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Nanomaterials news, March 2014

Researchers have developed a paper filter, which can remove virus particles with an efficiency matching that of the best industrial virus filters.

Rice scientists mixed very low concentrations of diamond particles with mineral oil to test the nanofluid’s thermal conductivity and more.

Danish scientists observed the growth of nanoparticles live. The study shows how tungsten oxide nanoparticles are forming from solution.

Scientists have made the first 3D observations of how the structure of a lithium-ion battery anode evolves at the nanoscale in a real battery cell.

Star Trek's "tricorder" performs chemical analysis for a range of applications including medical testing, explosives detection and food safety.

Researchers have demonstrated that vertically aligned carbon nanofibers (VACNFs) can be manufactured using ambient air.

Researchers have achieved new levels of performance for seed-free and substrate-free arrays of nanowires.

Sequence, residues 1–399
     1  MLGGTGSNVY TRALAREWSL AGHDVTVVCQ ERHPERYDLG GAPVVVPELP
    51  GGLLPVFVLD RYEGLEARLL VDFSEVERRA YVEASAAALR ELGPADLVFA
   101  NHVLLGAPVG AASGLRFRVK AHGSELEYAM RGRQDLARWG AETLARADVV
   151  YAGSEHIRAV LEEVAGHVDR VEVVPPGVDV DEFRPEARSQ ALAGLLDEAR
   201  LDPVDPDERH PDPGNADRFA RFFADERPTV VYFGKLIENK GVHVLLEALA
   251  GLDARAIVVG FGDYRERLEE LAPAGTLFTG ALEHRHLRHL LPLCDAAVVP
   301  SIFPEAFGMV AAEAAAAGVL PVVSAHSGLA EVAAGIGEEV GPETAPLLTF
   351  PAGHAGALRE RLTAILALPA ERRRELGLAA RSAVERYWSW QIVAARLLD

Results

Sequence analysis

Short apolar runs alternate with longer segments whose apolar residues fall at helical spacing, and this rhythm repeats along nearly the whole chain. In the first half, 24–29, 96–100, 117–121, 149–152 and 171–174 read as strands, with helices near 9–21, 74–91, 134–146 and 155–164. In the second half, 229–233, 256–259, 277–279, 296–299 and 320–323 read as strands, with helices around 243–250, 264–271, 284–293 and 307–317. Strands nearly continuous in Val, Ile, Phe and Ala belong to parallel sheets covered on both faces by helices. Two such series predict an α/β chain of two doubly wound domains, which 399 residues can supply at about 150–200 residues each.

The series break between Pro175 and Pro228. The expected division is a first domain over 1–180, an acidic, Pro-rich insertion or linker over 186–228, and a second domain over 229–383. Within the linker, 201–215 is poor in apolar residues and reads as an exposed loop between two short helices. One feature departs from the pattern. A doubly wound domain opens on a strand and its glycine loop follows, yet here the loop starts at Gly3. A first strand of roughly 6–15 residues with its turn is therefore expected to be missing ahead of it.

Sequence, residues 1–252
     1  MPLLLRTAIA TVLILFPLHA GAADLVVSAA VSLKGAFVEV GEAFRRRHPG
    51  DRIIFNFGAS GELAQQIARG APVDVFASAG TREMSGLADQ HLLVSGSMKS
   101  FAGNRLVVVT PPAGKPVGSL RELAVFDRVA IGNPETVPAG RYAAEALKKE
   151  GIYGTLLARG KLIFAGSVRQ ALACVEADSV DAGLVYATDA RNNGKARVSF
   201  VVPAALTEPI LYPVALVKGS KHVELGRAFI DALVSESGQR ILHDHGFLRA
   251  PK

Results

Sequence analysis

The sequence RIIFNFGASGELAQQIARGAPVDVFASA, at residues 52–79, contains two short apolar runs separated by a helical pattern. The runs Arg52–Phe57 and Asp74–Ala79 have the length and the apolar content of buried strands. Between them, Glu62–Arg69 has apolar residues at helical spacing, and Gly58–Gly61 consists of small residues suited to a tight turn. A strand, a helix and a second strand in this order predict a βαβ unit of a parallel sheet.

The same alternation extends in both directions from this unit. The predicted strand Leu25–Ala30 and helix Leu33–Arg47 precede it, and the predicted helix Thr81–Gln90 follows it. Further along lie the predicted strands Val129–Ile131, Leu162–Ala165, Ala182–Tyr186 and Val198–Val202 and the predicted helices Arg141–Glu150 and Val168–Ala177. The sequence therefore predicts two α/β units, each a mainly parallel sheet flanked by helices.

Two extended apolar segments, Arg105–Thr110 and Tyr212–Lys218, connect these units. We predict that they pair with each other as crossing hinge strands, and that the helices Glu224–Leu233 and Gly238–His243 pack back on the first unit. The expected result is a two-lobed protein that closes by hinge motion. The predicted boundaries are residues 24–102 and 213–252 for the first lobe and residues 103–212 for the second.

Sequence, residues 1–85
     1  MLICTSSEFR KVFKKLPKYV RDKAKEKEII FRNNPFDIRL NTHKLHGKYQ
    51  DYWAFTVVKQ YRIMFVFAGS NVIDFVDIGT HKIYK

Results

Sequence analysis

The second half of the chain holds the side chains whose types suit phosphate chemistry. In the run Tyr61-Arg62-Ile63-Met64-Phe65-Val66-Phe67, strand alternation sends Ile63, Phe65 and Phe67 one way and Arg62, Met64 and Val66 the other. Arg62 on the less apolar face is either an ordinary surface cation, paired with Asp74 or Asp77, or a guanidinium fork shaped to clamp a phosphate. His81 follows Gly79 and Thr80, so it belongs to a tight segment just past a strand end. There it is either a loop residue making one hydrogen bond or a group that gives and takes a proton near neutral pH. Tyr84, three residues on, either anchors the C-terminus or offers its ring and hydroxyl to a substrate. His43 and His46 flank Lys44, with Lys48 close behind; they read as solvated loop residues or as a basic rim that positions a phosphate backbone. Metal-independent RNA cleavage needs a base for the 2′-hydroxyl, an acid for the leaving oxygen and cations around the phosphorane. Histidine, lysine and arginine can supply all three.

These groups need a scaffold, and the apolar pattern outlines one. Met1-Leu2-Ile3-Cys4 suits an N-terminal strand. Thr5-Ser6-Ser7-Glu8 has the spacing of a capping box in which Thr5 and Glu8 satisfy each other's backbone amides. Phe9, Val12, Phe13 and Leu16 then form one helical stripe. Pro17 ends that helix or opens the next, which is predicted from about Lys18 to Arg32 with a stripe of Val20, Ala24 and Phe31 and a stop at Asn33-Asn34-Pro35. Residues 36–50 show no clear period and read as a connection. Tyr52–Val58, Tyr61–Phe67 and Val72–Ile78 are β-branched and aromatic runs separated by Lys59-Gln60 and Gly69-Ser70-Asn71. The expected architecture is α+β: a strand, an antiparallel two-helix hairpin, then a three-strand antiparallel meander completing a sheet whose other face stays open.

Simple and fast way of making TiO2 nanocrystals could mean long-lasting anodes for next generation high-power Li-ion batteries, according to researchers.

A recent study has developed a mobile app (Spectral Analyser) that allows users to link with cloud-based technology to download spectra to mobile devices.

The idea for nanobionic plants grew out of a project in Strano’s lab to build self-repairing solar cells modeled on plant cells.

A lab has devised a system where microcapsules are filled with a disordered solution of even smaller particles suspended in water.

An optical switch could advance the day when photons replace electrons in the innards of consumer products ranging from cell phones to automobiles.

Exploring the role of research in innovation.

Research on six polymeric NPs: gelatin, chitosan, alginate, poly(lactic-co-glycolic) acid (PLGA), PLGA–chitosan and PLGA–poly(ethylene glycol) (PEG).

Researchers at the Vienna University of Technology have created a stable two-dimensional electron gas in strontium titanate.

Researchers have developed a material that could help prevent blood clots.

Researchers have demonstrated the ability to use near-field optical tweezers to trap a nano-size object and manipulate it in the 3 dimensions of space.

Top 10 Materials News from February 2014

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